Transport Biofuel Production and Nature Conservation

By the beginning of 2008, the share of transport biofuels in the worldwide consump­tion of transport fuels was below 1%, and land use for transport biofuels was esti­mated at 13.8 Mha in the USA, Brazil, China and the EU (Renewable Fuels Agency 2008), but significant upward impacts on the conversion of nature into cropland could be noted (OECD-FAO 2007; Nepstad et al. 2008; Chap. 5). Current policy targets for the expansion of transport biofuel production have been estimated to re­quire between 55 and 166 Mha land (Renewable Fuels Agency 2008). Such a major further expansion of transport biofuel production will (ceteris paribus) stimulate the conversion of nature into cropland (Searchinger et al. 2008; Sukhdev 2008).

Moreover, as indicated in Chaps. 2 and 5, it is to be expected that part of a further expansion of transport biofuel production will come from intensification of agricul­ture. Intensification of agriculture is expected to be associated with higher inputs of nutrients and pesticides and increased irrigation and drainage (Tilman et al. 2001; Datta et al. 2004; Tscharntke et al. 2005; Liira et al. 2008). This, in turn, is expected to lead to a decline in biodiversity among many taxa and a loss of ecosystem services (Tscharntke et al. 2005; Liira et al. 2008).

When, unlike current practice, low-quality land is used for the expansion of bio­fuel production (as suggested in Sects. 6.3 and 6.5) and there is a fixed amount of transport biofuel to be produced, such as mandated under several current regula­tions, then — in view of the probably relatively low productivity of the land — larger areas will be needed than in the case of the use of good-quality land. Moreover, as pointed out in Chap. 5, abandoned and fallow lands by themselves rather often har­bour substantial biodiversity. When such relatively biodiverse abandoned and fallow agricultural lands are exploited, the negative impact on biodiversity may be large (Huston and Marland 2003; Marland and Obersteiner 2008). On the other hand, as pointed out in Chap. 5, there are also fallow and abandoned agricultural lands with relatively low biodiversity, such as parts of the Imperata cylindrica and Saccharum spontaneum grasslands, which may be exploited for transport biofuel production with a relatively low impact on biodiversity.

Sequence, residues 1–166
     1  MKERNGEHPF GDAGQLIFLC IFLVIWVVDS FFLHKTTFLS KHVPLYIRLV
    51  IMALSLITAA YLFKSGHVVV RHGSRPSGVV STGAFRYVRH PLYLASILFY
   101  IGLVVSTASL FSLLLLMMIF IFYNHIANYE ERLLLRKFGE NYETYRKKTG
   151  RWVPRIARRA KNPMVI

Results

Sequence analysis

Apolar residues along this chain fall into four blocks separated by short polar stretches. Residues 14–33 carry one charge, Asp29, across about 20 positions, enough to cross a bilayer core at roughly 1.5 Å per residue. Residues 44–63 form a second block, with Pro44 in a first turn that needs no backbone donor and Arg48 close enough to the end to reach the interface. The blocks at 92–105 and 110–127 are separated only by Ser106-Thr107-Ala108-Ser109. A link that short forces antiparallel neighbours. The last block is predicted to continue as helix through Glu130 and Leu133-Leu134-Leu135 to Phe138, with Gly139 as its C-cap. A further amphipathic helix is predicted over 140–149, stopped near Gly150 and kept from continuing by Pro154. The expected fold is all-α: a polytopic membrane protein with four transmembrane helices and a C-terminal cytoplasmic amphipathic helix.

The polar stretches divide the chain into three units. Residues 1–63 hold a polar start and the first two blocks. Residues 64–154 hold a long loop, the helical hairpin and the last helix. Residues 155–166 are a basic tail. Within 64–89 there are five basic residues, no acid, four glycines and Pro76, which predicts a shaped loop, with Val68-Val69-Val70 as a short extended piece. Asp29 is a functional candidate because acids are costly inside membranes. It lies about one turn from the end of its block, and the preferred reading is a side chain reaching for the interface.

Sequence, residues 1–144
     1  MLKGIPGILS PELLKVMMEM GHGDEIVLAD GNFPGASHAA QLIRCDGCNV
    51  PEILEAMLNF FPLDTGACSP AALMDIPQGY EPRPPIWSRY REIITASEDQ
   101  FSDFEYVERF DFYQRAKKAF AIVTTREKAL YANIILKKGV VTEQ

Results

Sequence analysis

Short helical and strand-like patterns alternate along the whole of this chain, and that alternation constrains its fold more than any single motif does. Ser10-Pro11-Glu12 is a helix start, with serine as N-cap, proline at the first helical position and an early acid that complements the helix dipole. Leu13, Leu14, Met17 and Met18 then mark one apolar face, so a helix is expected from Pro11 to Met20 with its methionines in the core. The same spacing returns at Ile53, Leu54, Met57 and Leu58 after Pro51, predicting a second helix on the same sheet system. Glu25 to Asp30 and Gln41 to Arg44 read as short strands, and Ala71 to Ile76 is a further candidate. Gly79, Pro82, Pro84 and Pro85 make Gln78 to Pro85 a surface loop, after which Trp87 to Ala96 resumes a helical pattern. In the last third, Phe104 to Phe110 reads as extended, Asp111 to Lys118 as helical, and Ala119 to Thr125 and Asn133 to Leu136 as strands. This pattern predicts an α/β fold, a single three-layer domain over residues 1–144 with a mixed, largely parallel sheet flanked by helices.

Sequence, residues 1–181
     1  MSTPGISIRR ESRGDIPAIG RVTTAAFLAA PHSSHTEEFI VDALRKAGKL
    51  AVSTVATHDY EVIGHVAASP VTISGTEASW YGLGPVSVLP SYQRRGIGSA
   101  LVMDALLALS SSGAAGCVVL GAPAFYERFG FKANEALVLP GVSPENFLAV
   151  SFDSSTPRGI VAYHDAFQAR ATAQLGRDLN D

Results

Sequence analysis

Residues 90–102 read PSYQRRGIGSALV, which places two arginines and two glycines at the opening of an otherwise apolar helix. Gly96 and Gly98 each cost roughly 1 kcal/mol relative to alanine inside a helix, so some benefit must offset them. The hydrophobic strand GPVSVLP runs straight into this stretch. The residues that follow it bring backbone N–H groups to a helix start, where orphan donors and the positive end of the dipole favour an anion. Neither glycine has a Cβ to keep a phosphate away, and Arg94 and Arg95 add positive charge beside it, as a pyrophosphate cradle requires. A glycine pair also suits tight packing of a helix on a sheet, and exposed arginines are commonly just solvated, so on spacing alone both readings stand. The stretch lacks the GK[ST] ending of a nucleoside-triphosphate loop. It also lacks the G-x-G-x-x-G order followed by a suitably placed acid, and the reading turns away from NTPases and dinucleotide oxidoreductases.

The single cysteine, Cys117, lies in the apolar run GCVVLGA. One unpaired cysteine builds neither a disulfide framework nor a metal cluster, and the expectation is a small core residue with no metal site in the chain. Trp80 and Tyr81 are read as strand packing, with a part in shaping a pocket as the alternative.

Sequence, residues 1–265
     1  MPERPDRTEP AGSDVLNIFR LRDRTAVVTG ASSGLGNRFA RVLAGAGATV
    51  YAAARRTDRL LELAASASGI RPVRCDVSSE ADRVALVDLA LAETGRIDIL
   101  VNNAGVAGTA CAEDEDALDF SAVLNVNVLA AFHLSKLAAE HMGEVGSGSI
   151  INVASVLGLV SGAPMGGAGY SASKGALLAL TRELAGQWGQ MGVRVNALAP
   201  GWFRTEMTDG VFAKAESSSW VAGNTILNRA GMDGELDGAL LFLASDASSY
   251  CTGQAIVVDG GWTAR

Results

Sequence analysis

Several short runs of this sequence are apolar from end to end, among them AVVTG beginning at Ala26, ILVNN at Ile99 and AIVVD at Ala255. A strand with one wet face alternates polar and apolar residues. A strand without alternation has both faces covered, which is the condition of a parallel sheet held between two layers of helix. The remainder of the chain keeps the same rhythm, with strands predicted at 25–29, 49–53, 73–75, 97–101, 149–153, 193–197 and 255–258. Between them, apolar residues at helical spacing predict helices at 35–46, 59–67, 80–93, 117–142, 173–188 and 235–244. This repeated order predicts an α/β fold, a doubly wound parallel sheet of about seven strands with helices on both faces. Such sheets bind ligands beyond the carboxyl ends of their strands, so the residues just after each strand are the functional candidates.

The size of the impact of expanding transport biofuel production is also depen­dent on other factors. Effects on biodiversity would, for example, be relatively large when current hotspots of biodiversity, such as tropical rainforests, the Cerrado sa­vannah or nature in the Cape region of South Africa (Darkoh 2003; Koh 2007; Danielsen et al. 2008), are converted into land for the production of transport biofuel feedstocks. Also, if precision agriculture and water-efficient irrigation techniques are used for the expansion of feedstock production (cf. Sects. 3.4 and 4.6), the im­pact thereof on biodiversity may well be lower than in the case of conventional practices, because water consumption and the emissions of nutrients and pesticides may be lower.

Though the impact of a maj or expansion of transport biofuel production on living nature may be variable, there would seem to be no scope for a major expansion of biofuel production in such a way that biodiversity loss will be zero. It is likely that a major expansion of transport biofuel production will have a major negative effect on biodiversity and ecosystem services.

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